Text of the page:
|<5||The item is cracked or damaged. Increase the time needed to craft it by 1/10 of its total (minimum one day), and its cost in materials by 1/10 to repair it|
|5||If a mundane item, the item is completely destroyed, and you must start your work over. If a magic item, the residuum used to craft the item is completely wasted, and you must acquire the full amount again before continuing|
|10||The exotic material is damaged or destroyed, and you must acquire it again before continuing|
|15 or more||The item explodes in an arcane backlash. It and all of its material components are completely destroyed. Each creature within 20 feet of the object must make a DC 15 Dexterity saving throw, taking 28 (8d6) force damage on a failed save, or half as much damage on a successful one. If the item would have dealt another kind of damage once completed, such as a flame tongue weapon dealing fire damage, your DM may decide that the damage is that type instead.|
The Arcane Athenaeum
Crafting in Batches
It always takes a minimum of a day to finish crafting a single item, no matter what your proficiency bonus is. The exception is for consumable items, such as potions, ammunition (mundane ammunition is crafted in batches as described in the Equipment section of the Player's Handbook), thrown weapons such as handaxes, and any other items which your DM decides wouldn't require a full day's work to complete.
For these, the number of items that can be made must be able to fit wholly within an 8-hour day, and you can make a maximum number of items per day equal to your proficiency bonus with the associated skill or tool. You must have the materials needed for each item as normal.
Crafting Bruenor's Armor, Step 3
Bruenor has his 20,000 gp of residuum, 750 gp worth of metal and other materials to forge the armor, and the essence of his iron golem. He spent the time to gather the knowledge needed to craft his armor, and is now ready to begin work.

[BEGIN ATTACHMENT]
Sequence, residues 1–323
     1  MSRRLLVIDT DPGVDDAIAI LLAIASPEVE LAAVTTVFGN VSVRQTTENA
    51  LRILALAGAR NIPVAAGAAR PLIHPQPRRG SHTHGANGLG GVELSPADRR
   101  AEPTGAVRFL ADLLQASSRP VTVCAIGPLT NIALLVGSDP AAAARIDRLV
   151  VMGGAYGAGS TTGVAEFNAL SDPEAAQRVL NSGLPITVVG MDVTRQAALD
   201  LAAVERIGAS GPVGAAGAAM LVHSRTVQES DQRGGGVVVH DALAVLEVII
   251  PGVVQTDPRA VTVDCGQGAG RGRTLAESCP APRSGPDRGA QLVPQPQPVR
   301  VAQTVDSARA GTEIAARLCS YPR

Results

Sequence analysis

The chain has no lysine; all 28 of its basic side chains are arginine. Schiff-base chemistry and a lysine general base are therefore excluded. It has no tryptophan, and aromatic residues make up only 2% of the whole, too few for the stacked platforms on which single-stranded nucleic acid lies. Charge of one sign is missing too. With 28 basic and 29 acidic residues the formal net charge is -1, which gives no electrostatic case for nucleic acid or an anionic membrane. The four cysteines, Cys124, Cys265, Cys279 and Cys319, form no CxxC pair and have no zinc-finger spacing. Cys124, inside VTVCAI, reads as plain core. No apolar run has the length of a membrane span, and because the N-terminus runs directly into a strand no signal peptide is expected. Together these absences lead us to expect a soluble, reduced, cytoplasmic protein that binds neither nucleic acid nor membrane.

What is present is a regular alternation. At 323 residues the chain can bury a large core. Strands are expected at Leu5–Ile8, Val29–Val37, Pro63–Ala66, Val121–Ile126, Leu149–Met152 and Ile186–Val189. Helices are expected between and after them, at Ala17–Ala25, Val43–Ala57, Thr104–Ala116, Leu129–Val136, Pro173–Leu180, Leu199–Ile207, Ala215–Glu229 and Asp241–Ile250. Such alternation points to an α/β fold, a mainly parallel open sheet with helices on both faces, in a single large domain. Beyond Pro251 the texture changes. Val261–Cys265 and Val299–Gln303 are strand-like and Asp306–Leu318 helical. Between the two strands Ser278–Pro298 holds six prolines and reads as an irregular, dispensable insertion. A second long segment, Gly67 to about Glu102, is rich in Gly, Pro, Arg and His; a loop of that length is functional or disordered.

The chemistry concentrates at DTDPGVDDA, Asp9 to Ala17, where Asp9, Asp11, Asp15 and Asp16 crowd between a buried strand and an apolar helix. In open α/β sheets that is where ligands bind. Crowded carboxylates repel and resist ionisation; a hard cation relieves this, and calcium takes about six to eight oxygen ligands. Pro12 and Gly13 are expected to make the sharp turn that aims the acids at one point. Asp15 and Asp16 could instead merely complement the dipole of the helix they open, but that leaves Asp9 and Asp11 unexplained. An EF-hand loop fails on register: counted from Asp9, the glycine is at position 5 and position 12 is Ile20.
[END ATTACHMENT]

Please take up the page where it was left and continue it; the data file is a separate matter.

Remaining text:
Bruenor has a +4 proficiency bonus with his smith's tools. Dwarven plate is considered "very rare" for a magic item, and so has a base time of 25 workweeks, or 125 days. However, a set of mundane plate armor costs 1,500 gp. Divided by 50, it has a base time of 30 workweeks, or 150 days. This is the larger of the two, so we devide 150 by Bruenor's proficiency bonus, and determine that Bruenor will need 38 days to craft his armor.
Bruenor starts working, spending one leisurely shift (8 hours) each day crafting his armor. After 38 days of work he is the proud owner of a powerful, self-forged magic item
Spell Scrolls and Healing Potions
Scribing a spell scroll and brewing a potion of healing do not follow the same rules for other magic items described in this guide. The only change from the rules found in Xanathar's Guide for these items alters the crafting time. As with other items, simply convert the number of workweeks into days, and then divide that by your Arcana proficiency (for a scroll) or herbalism kit proficiency (for a potion of healing).
Variant: Hourly Rates
As a DM, you might decide that you don't want to limit crafting to full 8-hour shifts, instead opting to track crafting by the hour. Doing so gives characters more freedom with which to craft, as they no longer need to set aside full 8-hour shifts for the process. At the same time, tracking by the hour implies an extra amount of effort put into the work whenever the character is working.
If you wish to use this variant, simply calculate the number of hours needed to craft an item rather than the number of days (multiply the number of workweeks by 40), and then divide that result by the character's proficiency bonus. Bruenor's armor, for example, would require 300 hours to forge through this system, and Bruenor could spend any amount of hours a day to reach that goal. However, 8 hours remains the normal workday for most people, and working beyond that can cause fatigue. For each additional hour of crafting beyond 8 hours, the character must make a Constitution saving throw at the end of the hour. The DC is 10 for the first hour, and increases by 1 for each hour beyond that. On a failed saving throw, as before, the character suffers one level of exhaustion, and must stop crafting or roll on the Overworking Consequences table as normal. The DC for this table increases by 1 for each extra hour the character crafts while exhausted. DCs for overworking reset once the character finishes a long rest.
An item requires a minimum of 8 hours of work to be crafted using this variant, but you can still craft in batches. It takes a minimum of 8 hours to craft a batch of items, and the number of items you can craft per batch is still limited by your proficiency bonus. If, for example, a character could craft a single handaxe in 1.5 hours, then they could craft anywhere from 1-5 of them over 8 hours of crafting time (provided their proficiency bonus was high enough and they had enough materials for all of them). Over another 8 hours they could craft 1-5 more handaxes, and so on.
The Arcane Athenaeum